“First I had cooked, but then I changed it to sauteed because it is more descriptive.” I smile to overhear this comment as I circulate among groups of students sharing the poem draft they wrote last night and one thing they learned about poetry or writing while doing it.
I’m excited because students are writing, are sharing their writing, and are talking about words and word choices. Earlier this week, as I discussed with several other faculty members Michael F. Graves’ The Vocabulary Book: Learning and Instruction, I realized the chapter we were discussing--“Providing Rich and Varied Language Experiences”--was one of the things I was doing with my students in their current poetry unit. Then I wanted to capture exactly what it was that was working so well so I can do it again. I think this is it:
- Require (and give time for) students to pay attention to words. I’m helping my students focus better on word choice by asking them every so often to look back over the last several poems we read and record their favorite word, phrase, or image, along with a brief explanation of why they picked it. Initially, it was in class. Later, I sometimes asked them to do it at home.
- Design assignments where students use professional writers as models. In the anecdote in the first paragraph, we had read and discussed the poem “Mushrooms” by Margaret Atwood. Then I asked the students to pick a vegetable that they have some connection with--some special feeling, memory, or meaning--and explore that connection by writing a poem similar to Atwood’s that uses at least 2 literal, sensory images, at least 2 figurative images, and ending with what it is that the vegetable symbolizes to them.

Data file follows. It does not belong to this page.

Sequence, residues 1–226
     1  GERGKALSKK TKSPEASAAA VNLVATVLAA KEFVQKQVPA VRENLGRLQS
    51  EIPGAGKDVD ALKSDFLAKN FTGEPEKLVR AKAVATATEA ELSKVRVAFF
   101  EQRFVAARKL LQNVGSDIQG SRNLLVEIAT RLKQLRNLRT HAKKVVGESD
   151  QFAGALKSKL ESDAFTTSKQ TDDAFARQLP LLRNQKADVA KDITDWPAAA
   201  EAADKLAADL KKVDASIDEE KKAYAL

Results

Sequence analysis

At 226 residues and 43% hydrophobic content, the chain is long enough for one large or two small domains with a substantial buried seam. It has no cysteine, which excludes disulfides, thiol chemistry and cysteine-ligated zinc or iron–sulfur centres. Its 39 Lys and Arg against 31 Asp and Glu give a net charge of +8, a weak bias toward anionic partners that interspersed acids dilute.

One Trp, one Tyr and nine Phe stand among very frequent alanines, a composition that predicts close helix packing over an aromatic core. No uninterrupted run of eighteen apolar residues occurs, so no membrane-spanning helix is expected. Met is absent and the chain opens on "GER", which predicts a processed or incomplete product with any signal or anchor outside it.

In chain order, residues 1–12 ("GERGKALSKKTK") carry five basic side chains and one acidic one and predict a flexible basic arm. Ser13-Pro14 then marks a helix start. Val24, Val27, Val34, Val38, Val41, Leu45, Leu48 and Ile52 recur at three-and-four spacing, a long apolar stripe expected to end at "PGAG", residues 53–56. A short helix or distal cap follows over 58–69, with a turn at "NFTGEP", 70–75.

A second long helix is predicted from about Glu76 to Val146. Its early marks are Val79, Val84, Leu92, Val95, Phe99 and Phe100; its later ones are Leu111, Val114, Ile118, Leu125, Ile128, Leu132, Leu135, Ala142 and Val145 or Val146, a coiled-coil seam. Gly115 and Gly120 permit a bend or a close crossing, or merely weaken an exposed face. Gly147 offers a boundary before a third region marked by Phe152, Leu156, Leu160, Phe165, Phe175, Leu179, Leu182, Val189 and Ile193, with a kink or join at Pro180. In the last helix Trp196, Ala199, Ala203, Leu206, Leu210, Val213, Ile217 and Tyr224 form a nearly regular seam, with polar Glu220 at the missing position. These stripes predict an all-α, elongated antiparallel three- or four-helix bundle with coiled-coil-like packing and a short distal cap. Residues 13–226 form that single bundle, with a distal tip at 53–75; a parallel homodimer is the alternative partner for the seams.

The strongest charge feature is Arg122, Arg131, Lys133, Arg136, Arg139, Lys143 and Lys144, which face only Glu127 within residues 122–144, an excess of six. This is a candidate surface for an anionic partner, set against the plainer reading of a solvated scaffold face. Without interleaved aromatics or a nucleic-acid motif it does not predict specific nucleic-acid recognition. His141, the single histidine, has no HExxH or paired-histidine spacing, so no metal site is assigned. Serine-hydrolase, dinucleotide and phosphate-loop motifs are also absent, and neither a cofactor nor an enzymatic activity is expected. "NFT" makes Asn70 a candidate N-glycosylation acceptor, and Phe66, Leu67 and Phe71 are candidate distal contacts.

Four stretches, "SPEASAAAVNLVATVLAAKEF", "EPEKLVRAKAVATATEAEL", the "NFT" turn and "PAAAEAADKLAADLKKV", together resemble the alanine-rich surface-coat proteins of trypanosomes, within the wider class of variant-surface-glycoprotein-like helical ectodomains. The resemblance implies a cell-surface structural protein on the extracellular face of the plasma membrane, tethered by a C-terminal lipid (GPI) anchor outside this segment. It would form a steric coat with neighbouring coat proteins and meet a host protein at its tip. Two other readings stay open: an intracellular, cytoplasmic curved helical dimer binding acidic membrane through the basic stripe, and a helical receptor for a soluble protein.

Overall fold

- Give repeated, low-stakes opportunities to write and talk about writing. Students do a similar model draft poem 4 times throughout the poetry unit. The first time some were reluctant to share. By the third time a pattern had been established. No one complained or tried to wriggle out of reading their poem. In fact, students were anticipating sharing their poems and gave each other very positive reinforcement. All I did for marking was circulate while they shared, check that each had a draft, and give a completion grade.
- Model my own writing process. When I shared my vegetable poem draft, which contrasts canned and fresh asparagus, I told them one of my favorite words in it was slipped. I had first written “tasting like the can it came from,” and then switched it to “the can it slipped from” because while can and came had alliteration, came was really colorless as a verb, but slipped both sounded like and connoted the sliminess I was trying to communicate. Moments later I heard the student explaining why she’d changed cooked to sauteed. A connection?
I used to talk about paying attention to words, reading as a writer, and practicing writing, but seldom actually require and give time for students to do those things. I used to tell students that I wrote, but seldom showed them my process and choices. Of course it works better to do it than to talk about it. Athletic coaches and musical directors know it. The rest of us are slowly catching on.